The response to my little movie post has blown me away.  I have 83 comments, and that’s just the comments that were postable.  Some were so over the top in their name-calling I did not approve them.  This is not a forum of free speech and if you can’t treat others with a modicum of respect I have no time for you.

The thing that amazes me is I’ve done posts about gay marriage, abortion, religion, politics and not gotten near the vitriol that a simple post on movies got.  Nothing else even comes close. IT IS JUST THE MOVIES PEOPLE!

To give you a feel of some of the comments I got both posted and not:

“i can tell that you know absolutely nothing about movies. giving and opinion doesnt make you an expert about films.”    Did I ever claim to be an expert on films?  This is just my personal blog for my friends and family?

“that perfectly demostrates that real art its perceptible only for few. keep sleeping kid.”   My response to this is if the movie/art is as good as you say it is why are you so threatened by someone who wasn’t even saying it was bad?  Art should be open to a variety of responses if it is good art.


I was also told (along with my fellow commentators)

You people all have the brain capacity of a roach.”

Another person said:

“This country has done nothing but breed sissy men and women for the last 30 years”   So now because I didn’t like the Dark Knight the entire country is to blame?  I am also in a tiny minority on the DK front so maybe others were educated in being more manly than I was?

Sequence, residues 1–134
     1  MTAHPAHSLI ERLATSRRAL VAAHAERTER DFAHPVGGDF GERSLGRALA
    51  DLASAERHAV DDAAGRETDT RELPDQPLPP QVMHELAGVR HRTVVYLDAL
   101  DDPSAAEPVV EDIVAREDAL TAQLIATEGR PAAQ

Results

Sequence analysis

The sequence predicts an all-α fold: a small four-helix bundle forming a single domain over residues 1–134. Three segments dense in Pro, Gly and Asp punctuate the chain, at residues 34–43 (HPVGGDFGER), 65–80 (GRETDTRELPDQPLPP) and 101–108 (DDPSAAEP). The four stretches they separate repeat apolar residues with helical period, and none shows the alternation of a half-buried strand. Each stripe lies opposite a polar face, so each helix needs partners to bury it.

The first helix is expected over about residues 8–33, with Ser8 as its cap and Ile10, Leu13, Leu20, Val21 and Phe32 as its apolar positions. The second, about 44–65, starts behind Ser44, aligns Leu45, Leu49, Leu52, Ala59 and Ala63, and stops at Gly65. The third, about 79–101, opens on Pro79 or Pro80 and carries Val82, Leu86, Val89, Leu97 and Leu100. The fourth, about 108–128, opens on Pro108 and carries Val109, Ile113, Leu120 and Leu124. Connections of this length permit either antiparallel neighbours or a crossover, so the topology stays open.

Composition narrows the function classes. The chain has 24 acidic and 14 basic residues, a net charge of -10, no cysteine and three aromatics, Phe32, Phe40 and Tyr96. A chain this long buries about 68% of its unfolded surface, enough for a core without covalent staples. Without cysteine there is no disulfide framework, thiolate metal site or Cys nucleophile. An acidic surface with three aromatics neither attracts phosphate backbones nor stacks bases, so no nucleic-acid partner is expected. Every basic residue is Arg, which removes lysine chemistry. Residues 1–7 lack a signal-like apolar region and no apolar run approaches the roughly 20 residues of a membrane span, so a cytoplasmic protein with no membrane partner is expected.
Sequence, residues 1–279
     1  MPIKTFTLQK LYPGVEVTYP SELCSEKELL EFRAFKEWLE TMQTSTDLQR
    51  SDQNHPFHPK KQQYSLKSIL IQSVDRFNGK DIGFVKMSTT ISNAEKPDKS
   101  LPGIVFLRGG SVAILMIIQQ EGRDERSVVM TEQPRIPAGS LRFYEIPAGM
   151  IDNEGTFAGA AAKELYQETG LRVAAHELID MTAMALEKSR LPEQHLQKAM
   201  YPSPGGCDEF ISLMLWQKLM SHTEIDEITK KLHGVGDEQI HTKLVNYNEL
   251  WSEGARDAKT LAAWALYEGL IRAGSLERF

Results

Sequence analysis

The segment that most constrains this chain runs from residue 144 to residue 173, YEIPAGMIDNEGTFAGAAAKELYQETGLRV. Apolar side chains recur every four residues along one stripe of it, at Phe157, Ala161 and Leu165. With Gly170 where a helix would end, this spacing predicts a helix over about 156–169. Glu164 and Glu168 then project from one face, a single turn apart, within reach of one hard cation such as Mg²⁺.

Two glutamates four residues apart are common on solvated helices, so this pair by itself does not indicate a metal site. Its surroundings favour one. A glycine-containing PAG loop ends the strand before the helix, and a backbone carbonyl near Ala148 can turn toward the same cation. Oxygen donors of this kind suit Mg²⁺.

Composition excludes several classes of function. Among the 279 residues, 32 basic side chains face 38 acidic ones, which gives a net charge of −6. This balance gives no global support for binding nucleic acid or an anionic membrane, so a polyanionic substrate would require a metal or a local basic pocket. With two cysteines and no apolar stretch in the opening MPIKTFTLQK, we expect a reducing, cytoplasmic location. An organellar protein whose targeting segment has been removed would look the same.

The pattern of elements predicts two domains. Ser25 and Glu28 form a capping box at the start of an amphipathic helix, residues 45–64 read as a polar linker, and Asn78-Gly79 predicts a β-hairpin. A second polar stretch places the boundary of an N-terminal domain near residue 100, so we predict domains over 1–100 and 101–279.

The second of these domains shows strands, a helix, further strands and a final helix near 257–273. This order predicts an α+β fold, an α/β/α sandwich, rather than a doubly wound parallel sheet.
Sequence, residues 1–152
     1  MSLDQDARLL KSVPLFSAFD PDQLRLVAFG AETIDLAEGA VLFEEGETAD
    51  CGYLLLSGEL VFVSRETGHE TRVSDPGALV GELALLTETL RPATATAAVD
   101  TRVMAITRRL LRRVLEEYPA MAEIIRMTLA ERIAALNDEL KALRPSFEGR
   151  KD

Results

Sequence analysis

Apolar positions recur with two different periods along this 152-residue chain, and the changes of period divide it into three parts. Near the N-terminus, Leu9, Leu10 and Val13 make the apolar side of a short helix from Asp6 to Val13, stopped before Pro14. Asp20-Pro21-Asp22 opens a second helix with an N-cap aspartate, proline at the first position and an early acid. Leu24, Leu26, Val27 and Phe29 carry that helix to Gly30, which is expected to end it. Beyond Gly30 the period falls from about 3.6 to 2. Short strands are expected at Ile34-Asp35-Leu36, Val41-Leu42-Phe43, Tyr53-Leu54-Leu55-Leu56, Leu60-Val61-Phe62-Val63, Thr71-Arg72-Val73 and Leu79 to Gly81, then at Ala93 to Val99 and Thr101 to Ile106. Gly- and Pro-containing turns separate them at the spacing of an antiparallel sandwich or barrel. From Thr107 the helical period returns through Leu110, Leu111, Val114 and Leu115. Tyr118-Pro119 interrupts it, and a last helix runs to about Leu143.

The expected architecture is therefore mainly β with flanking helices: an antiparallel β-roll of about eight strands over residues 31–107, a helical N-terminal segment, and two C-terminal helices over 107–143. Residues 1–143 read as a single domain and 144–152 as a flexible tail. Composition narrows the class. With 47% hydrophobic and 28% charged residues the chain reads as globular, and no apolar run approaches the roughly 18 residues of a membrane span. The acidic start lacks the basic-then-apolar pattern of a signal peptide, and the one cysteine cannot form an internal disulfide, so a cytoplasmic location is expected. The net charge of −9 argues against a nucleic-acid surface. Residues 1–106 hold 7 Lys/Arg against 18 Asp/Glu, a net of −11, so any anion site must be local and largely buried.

You are “completely r@$%$$d”  (profanities to follow)

I was also told my list was ‘laughable‘ and that I was the worst ‘critic of overrated movies of all time‘  Here’s a thought- I’m not a critic!  I’m just a girl with a blog that writes about movies occasionally.  I have done nearly 700 posts in my blogging career and by my count 26 of them have been about movies.

I had to laugh when one person said I made them ‘cry’ to include The Graduate on the list (we actually had a delightful back and forth after that and I may give the movie another shot. )

Roger Ebert once said ‘I know as a critic I’m required to have a well-armored heart’.  He also said “In my reviews, I feel it’s good to make it clear that I’m not proposing objective truth, but subjective reactions, a review should reflect the immediate experience”

Thank you Roger.  It’s just my subjective reaction.  Why does that bother some so much?  Its not a truth carved in stone that everyone has to LOVE the Godfather.  What is wrong with thinking it was ok but a little slow?  Why is that so offensive?

I’d understand if you were in the movie, made the movie, wrote the movie but to be so upset over a simple opinion boggles the mind.

That said, I don’t want to give you the impression I was discouraged by the post.  Most of the 83 comments were constructive, insightful and interesting.  For that, I am overwhelmingly grateful.  If anything, I’ve been wracking my brain for other movie-related posts I could enter (oddly enough during this period I’ve watched little to no movies and none in the theater for at least 6 months).  Any suggestions of movie posts you’d like to read?

I welcome those with differing opinions, even strongly worded ones that say something instead of merely insulting me, my readers and/or all Americans.  One of the things I like about my roommate is she has such strong feelings on so many things.  Its fun to be around someone that makes you think.  I hope I do that for people.  I hope they say hmmm ‘I’ve never thought about it that way…’.

So please comment away but try not to cry.  It really is just a movie!  Relax!